Should Young Kids Drink Tea? What Parents Need to Know
What’s more instantly soothing than a cup of tea? Tea warms the body, eases cold symptoms, settles stomachs, and serves as a comforting ritual at bedtime — or any time. And that’s not just true for grownups: Kids can benefit from drinking tea, too. But parents shouldn’t take the same approach to brewing their kids’ cups just the same as they do their own.
Here’s what to know about tea for kids, including what types are best for common ailments, and how to prepare it safely:
Benefits of tea for kids
There’s not much scientific research available on kids and tea. So a consultation with your pediatrician should always be your first step. If the doctor approves, you’re set to go.
Herbal tea is a subtle balm for the common cold. It can help soothe a sore throat and cough, and the steam can relieve congestion. It can also settle the stomach, helping promote comfort after a meal or during times of tummy distress.
“Tea has many benefits,” explains Dr. William W. Li, a physician and author whose work focuses on eating for good health. “It can be calming, lower blood pressure, improve metabolism, prevent cancer, improve cardiovascular health, help keep the brain sharp, and nurture gut health.”
“Tea is one of the beverages that activates the body’s key health defense systems, including angiogenesis, regeneration, the microbiome, DNA protection, and immunity.”
Even beyond all those clinical benefits, tea is just plain cozy. A warm cup establishes an atmosphere of calm and safety. And it can be part of a soothing bedtime ritual that lowers anxiety levels and triggers sleepy, relaxed feelings.
Top types of teas for kids
- Easy-to-find chamomile is calming and can settle the stomach.
- Echinacea is thought to help boost the immune system. (Kids with allergies to ragweed or similar plants should not take these herbs.)
- Fennel, too, settles the stomach and may relieve gas pain. But unlike chamomile, fennel has a strong, licorice-like flavor that might not appeal to kids’ palates.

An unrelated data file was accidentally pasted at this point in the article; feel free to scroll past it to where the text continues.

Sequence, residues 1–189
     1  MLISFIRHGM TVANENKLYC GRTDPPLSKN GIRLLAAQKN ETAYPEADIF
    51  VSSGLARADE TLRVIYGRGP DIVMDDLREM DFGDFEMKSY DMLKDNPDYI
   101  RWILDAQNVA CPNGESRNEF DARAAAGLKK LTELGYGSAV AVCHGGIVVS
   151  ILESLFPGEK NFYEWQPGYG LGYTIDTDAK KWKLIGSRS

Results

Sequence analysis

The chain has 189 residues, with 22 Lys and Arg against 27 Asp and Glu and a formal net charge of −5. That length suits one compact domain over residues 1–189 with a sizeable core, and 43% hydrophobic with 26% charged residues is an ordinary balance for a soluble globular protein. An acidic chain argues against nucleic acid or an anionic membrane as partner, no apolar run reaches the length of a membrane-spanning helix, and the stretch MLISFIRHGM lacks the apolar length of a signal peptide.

- Ginger is anti-inflammatory and can relieve nausea.
- Peppermint has a range of benefits including easing cold symptoms like nasal congestion, as well as settling the stomach.
Best teas for kids at bedtime
In addition to its other benefits, chamomile’s gentle sedative effect makes this tea a top choice at bedtime. Valerian can also help kids sleep. Research published in the journal Phytomedicine supports giving this herb to kids with ADHD/neurodiversity. Kids in the study who took valerian at least an hour before bedtime fell asleep faster, stayed asleep longer and improved their sleep quality. However, note that some other research has shown valerian can trigger the opposite effect in kids, so — as with all tea — start slow and use caution.
There’s not much scientific evidence that peppermint tea promotes sleep, but it can certainly help relax kids before bedtime.
To further establish a peaceful bedtime mood, kids can listen to a soothing audio track while sipping their tea; Moshi offers magical sleep stories and meditations meant just for them. Also try dimming the lights, drawing a bath, or adding aromatherapy to the room with a relaxing essential oil like lavender.
Tips for making tea for kids
Again, consult your pediatrician for the go-ahead. Ask for tips on how long to steep it — just a couple of minutes should do the trick — and how much tea is right for your kid to consume.
If the tea seems too strong, add water. This will also cool it down so it’s safe to drink; it should not be hotter than lukewarm. Herbal teas like the ones named above are generally considered safe for kids. But if you’re using store-bought tea bags, read the label to make sure those ingredients aren’t accompanied by others you don’t recognize or know to be safe. Instead of adding sugar, which can cause tooth decay, try sweetening your child’s tea with just a little honey instead. (Do not give honey to an infant, due to the botulism risk.)
“Tea is inherently healthy because of the many bioactive, such as EGCG [the plant compound epigallocatechin gallate], in tea leaves,” Dr. Li explains. “But sweetening the tea with sugar is really not a good idea — not only does it destroy your teeth, but the added sugar itself is detrimental to your overall health.”
He also suggests keeping the milk out of your kids’ tea. “Adding milk to tea, while a tradition, also is not beneficial,” he says. “The milk interacts with the healthy bioactives and makes them less available to the body.”
And definitely check to verify your tea is caffeine-free; if not specifically labeled, don’t take the risk. “Caffeine can cause jitters and interfere with sleep,” Dr. Li says while acknowledging that kids in some cultures do drink “mild teas with lesser amounts of caffeine from a very young age.”
For other ways to help kids relax, try these natural sleep aids or other calming techniques.